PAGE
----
To remain competitive, organisations need to see an increase in speed and accuracy, whilst also reducing costs, to gain an edge.
A logical starting point is to look at reducing the hundreds of hours that internal teams waste on mundane, repetitive, labour-intensive tasks. Things that could be automated.
Using Robotic Process Automation tools to automate internal processes offers many business benefits that can help beat off the competition. RPA can be implemented in weeks, so you can immediately see the saving potential. RPA can seamlessly integrate with existing business systems so that it can be developed and changed with ease. As well as cost savings, RPA can improve consistency, boost productivity and increase efficiency.
RPA vs traditional automation – what’s the difference?
As it suggests in the names, robotic process automation and traditional automation are both automation tools used for repetitive tasks. Traditional automation is usually applied to production workflows and can allow machinery to perform tasks.
One of the main differentiators when comparing Robotic Process Automation to traditional automation, is that RPA doesn’t need application integration to work: so it can be implemented in weeks. Whereas, traditional automation needs application integration at a database or infrastructure level, which can take several months.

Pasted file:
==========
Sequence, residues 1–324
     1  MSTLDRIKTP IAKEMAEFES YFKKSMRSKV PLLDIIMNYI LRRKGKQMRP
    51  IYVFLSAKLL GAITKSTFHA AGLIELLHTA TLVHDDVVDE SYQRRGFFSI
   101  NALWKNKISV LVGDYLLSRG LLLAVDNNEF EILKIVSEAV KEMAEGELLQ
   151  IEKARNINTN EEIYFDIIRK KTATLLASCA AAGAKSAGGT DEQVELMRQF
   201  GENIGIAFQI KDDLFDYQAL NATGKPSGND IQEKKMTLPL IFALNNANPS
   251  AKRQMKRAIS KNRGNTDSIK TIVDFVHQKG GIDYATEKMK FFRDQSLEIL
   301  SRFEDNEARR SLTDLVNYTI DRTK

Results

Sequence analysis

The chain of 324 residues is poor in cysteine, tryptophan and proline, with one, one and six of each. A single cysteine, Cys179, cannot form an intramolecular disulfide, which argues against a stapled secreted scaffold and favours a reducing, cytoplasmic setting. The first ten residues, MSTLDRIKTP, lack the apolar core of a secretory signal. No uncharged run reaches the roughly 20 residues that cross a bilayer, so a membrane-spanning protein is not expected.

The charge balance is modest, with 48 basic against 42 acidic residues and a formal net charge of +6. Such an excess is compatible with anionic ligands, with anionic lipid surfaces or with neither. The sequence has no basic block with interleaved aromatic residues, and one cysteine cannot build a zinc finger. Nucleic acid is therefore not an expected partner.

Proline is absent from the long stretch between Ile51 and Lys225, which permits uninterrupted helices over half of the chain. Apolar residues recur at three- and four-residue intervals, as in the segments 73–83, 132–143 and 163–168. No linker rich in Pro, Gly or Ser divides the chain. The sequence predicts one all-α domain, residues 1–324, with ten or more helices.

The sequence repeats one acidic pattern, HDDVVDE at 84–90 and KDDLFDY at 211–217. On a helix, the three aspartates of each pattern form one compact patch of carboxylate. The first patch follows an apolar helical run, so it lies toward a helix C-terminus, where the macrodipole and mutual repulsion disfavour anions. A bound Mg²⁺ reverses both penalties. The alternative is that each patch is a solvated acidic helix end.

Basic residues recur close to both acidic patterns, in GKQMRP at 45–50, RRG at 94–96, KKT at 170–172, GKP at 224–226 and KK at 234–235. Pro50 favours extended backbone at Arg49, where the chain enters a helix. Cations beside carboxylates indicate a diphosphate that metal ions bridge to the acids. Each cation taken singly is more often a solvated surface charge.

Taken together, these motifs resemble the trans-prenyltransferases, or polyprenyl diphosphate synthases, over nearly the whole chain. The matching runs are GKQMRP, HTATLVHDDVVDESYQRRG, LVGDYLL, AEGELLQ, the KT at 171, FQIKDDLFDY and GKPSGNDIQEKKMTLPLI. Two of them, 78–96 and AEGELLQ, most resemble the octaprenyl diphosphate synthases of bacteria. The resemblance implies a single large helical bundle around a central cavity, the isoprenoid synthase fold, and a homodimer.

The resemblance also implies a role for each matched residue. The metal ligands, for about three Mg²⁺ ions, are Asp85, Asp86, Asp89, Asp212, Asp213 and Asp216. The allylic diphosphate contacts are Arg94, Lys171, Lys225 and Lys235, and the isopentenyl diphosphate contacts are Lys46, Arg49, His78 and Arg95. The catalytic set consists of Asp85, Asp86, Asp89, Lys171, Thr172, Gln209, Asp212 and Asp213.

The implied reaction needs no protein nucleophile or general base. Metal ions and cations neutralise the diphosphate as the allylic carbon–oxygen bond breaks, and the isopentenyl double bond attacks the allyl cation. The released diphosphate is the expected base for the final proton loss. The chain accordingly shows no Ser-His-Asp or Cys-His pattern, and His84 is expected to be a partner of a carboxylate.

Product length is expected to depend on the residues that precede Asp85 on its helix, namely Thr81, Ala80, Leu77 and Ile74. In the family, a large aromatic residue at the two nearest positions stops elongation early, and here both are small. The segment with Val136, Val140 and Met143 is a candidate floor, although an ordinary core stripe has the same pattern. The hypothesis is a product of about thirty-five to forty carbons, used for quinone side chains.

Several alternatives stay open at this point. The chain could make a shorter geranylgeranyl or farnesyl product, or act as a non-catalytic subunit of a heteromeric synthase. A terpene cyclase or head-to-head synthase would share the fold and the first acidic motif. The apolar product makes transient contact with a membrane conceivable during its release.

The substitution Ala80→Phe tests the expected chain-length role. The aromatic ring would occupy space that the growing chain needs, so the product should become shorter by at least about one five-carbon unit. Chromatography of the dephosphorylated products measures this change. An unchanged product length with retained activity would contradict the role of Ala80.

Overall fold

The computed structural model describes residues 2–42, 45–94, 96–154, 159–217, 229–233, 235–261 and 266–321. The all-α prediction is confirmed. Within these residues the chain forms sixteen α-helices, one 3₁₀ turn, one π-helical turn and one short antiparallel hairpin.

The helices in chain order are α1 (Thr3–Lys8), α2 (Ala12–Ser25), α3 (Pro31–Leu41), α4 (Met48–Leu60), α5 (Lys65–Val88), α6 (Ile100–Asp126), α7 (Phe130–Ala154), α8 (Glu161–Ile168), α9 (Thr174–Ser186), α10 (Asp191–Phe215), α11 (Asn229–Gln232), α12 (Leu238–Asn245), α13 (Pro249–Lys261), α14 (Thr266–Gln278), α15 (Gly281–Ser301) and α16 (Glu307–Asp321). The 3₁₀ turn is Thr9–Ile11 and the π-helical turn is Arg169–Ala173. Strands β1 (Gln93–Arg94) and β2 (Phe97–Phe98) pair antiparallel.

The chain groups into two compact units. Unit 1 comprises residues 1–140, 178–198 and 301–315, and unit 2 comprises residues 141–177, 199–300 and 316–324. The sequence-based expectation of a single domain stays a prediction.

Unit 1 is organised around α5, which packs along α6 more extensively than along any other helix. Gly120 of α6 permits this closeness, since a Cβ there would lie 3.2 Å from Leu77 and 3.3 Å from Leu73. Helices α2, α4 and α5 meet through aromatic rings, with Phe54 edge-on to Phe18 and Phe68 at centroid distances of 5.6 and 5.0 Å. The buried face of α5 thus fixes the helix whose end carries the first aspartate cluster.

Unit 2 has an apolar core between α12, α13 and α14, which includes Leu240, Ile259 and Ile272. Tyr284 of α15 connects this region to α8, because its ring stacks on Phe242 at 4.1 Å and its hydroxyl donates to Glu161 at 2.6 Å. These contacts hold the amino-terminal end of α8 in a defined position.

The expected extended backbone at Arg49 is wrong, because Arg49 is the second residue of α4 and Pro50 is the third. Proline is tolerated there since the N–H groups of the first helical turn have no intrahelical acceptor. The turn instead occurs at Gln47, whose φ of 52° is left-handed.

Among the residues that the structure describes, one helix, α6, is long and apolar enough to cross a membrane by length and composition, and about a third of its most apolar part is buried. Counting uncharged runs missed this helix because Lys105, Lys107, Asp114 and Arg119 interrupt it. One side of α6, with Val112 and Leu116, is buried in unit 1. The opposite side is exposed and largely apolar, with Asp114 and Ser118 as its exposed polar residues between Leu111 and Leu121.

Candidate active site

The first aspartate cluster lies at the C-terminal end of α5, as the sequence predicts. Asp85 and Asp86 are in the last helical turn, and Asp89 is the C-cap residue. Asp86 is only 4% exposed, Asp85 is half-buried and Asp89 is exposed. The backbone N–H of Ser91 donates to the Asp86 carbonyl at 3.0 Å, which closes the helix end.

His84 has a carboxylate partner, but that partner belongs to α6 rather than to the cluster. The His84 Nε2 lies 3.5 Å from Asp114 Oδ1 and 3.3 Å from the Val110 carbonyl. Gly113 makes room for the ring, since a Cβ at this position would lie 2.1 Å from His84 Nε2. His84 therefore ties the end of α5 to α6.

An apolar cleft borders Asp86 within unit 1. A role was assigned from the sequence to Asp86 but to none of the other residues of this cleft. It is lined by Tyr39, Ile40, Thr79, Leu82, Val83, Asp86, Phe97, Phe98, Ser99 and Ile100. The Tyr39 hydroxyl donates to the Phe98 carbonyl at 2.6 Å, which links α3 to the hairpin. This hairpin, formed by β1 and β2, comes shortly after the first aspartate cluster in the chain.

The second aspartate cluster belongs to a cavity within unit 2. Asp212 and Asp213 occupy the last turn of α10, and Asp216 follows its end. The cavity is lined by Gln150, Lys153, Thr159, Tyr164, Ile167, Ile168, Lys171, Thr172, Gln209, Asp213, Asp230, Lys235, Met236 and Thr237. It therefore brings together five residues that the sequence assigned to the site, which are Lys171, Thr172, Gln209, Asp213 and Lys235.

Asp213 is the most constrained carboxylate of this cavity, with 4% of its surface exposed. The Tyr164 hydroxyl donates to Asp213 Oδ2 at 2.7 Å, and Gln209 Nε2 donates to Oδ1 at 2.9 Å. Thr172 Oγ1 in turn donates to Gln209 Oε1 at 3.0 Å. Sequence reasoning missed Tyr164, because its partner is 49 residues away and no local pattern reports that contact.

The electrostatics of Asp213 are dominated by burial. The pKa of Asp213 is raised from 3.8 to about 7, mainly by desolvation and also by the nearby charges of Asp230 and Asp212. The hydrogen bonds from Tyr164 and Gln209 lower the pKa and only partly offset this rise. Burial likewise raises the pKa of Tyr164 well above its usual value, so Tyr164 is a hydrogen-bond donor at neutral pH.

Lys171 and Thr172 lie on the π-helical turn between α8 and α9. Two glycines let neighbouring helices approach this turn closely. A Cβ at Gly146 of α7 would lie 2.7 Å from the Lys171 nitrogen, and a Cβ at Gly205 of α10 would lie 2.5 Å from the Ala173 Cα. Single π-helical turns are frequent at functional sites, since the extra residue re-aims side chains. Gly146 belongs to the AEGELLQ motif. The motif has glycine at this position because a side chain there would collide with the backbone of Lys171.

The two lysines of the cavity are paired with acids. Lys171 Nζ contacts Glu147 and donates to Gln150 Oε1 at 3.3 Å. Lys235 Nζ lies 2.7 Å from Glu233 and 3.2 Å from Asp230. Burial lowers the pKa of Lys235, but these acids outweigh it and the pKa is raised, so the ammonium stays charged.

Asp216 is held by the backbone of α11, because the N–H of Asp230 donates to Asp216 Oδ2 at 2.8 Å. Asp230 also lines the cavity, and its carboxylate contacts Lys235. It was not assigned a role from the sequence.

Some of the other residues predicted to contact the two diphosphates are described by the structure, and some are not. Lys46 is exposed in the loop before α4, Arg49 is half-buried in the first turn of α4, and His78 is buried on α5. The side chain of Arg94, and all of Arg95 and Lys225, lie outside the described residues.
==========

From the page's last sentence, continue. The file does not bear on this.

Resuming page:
Robotic Process Automation has the following characteristics:
- It is system agnostic, so it can easily work across multiple system types.
It can work quickly as it simply uses rules and data to complete/mimic tasks.
It is scalable, and system integration is easy.
It is easy for everyone to use (even those of us that are non-technical!).
5 benefits of using Robotic Process Automation in payroll
Whether you view technology as a friend or foe, it’s undoubtedly shaping payroll, and you’ll increasingly use it for data entry and number crunching, to release time for you to deliver higher-value tasks.
78% of payroll professionals believe that technological advances will make individuals and their payroll team more effective2
There are many reasons why RPA should be used in payroll and here are our top five benefits to help you create a strong case that will make it hard for senior stakeholders in your organisation to deny.
1. RPA is non-invasive technology